What’s Your Type

February 20, 2019 1:03 pm Published by

Diabetes Diagnosis & Management

Roughly thirty million Americans are affected by diabetes. Understanding a diabetes diagnosis and following recommendations for management are the best ways to achieve and maintain optimal health.

(From L to R) Dr. Delali Blavo, Endocrinologist; Carmen Parks, FNP-BC, Certified Diabetic Educator

Carmen Parks, a nurse practitioner and Certified Diabetes Educator at Magnolia Regional Health Center’s Diabetes Specialty Clinic, reveals how a diabetic condition develops. “Susceptibility can come from genetic predisposition or it can possibly be brought about by weight gain, lack of exercise or an improper diet,” she says. “Those factors can predispose an individual to developing diabetes over time.”

What Is Diabetes?

Normal fasting glucose (blood sugar) levels are between 70 and 100 in the morning. If glucose before breakfast is higher than 126, this indicates diabetes. A prediabetes diagnosis lands between 100 and 126 fasting blood sugar.

In short, diabetes occurs when the blood sugar levels are higher than normal or higher than expected.

“When sugar levels are elevated, this indicates that the body is unable to process or metabolize food normally,” explains Parks. “More specifically, the body is not converting food into energy as it should.”

Individual symptoms of diabetes may point to other causes, but multiple signs should prompt a visit to the doctor for a blood test. Increased thirst, hunger or urination may be a signal. Fatigue, tingling in the limbs, blurred vision or a burning sensation in the feet are also clues. Difficulty healing from body sores, fungal skin infections or yeast infections are indicators as well.

Type 1: Insulin Deficit

Type 1 diabetes is the rarer diagnosis, affecting about ten percent of the diabetic population. It tends to occur more in children, but it can present in adults. Type 1 stems from the body’s difficulty creating enough insulin.

“Scientists do think that the immune system—which is our system for fighting infection—can become confused, leading to an attack on the cells in the pancreas that produce insulin and leaving them damaged and unable to produce insulin,” elaborates Parks. “When this occurs, we have no way to transport the sugar to our muscles for energy and instead the sugar becomes trapped in our blood.”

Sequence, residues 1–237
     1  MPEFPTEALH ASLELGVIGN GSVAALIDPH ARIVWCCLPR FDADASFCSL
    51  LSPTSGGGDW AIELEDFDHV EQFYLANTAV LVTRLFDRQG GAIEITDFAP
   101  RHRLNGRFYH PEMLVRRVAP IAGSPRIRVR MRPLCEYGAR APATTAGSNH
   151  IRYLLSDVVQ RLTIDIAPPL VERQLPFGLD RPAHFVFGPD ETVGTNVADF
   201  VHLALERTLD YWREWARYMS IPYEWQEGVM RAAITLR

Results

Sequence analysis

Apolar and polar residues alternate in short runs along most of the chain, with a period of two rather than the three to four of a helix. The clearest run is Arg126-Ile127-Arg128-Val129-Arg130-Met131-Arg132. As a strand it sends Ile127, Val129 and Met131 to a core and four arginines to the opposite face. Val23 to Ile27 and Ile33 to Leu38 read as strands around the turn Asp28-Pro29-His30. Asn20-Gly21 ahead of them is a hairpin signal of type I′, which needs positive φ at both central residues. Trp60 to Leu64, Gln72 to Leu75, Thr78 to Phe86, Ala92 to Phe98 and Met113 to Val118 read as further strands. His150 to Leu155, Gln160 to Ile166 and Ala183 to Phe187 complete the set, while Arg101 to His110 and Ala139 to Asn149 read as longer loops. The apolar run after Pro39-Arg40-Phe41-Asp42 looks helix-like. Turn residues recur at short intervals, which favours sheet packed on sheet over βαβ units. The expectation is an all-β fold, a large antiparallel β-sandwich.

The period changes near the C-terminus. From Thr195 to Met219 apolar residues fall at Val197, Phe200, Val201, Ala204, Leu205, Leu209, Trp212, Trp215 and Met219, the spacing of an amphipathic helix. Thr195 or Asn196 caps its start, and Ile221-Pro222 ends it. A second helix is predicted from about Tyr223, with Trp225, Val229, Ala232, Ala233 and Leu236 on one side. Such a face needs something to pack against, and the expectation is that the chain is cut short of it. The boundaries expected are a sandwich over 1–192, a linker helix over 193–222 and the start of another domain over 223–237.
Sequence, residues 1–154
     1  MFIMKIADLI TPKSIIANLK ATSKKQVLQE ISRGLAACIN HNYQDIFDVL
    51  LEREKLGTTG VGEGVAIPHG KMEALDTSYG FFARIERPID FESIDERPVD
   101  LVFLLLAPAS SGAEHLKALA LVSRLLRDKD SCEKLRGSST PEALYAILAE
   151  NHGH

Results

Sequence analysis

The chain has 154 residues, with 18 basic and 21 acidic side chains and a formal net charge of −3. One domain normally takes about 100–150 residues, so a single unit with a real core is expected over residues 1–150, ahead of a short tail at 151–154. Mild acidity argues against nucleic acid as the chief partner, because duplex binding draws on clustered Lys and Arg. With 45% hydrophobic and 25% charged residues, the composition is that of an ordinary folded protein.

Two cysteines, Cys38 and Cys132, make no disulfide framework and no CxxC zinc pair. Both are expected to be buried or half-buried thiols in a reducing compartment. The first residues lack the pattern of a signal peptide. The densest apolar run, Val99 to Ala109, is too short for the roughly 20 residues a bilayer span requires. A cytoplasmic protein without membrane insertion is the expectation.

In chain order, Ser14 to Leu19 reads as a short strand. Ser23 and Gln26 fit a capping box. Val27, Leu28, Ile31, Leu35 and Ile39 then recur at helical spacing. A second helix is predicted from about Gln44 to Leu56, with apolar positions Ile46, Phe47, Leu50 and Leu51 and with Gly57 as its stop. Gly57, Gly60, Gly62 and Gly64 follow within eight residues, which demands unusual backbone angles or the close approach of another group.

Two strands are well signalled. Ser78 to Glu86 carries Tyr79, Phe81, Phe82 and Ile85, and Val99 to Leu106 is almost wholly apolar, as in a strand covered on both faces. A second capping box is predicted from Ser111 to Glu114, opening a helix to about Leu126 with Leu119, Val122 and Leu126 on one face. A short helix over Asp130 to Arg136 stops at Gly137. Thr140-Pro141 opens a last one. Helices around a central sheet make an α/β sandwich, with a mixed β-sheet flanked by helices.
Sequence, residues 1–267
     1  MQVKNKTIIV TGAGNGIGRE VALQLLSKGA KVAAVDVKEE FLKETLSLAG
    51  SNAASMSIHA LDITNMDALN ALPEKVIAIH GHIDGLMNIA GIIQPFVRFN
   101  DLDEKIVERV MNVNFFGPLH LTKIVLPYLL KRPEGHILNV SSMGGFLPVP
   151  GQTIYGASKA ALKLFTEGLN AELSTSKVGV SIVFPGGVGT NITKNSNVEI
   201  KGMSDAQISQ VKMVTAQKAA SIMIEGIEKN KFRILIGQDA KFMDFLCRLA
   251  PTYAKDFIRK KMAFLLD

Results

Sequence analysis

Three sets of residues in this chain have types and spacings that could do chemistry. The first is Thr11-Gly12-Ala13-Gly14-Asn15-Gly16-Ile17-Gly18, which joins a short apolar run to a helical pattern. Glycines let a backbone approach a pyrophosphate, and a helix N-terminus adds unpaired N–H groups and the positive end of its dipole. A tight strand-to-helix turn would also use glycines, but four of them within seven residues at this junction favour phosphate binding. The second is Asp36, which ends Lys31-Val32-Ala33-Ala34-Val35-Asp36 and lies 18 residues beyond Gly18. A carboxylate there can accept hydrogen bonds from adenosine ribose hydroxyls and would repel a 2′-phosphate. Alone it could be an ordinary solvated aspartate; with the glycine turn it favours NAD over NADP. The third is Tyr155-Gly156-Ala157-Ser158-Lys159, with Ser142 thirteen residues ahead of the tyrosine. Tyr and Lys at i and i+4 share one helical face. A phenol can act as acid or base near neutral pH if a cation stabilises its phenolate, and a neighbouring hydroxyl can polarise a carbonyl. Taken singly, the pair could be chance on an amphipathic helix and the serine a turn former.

Treatment for type 1 requires a specific routine. The deficient insulin must be replaced via insulin injections. This has to be coordinated with carbohydrate consumption so the insulin and sugar from food can work together.

Type 2: Inefficient Insulin

Type 2 is the more common diagnosis, affecting about ninety percent of diabetic patients. Parks points out that type 2 occurs when the blood sugar is abnormally high because the body doesn’t make enough insulin, or the insulin it makes doesn’t work properly or efficiently.

Predisposition to type 2 can stem from genetic factors, weight gain, obesity or lack of exercise. Some individuals experience abnormal sugar production by the liver when they are asleep. Others have problems with cell signaling and the pancreas being unable to create the necessary insulin.

Treatment for type 2 focuses on a healthy diet and exercise. Managing carbohydrate consumption can impact blood sugar. Some individuals find success improving glucose with nutrition and fitness. However, some people require oral medications to mitigate the condition.

“People can definitely live healthy, normal lives with the available treatments,” assures Parks. “Once the sugars are stabilized, symptoms typically resolve.”

To listen to an interview with Carmen Parks, a nurse practitioner and Certified Diabetes Educator at Magnolia Diabetes Clinic, visit www.mrhc.org/healthcast/CarmenParks.

This post was written by Magnolia Regional Health Center

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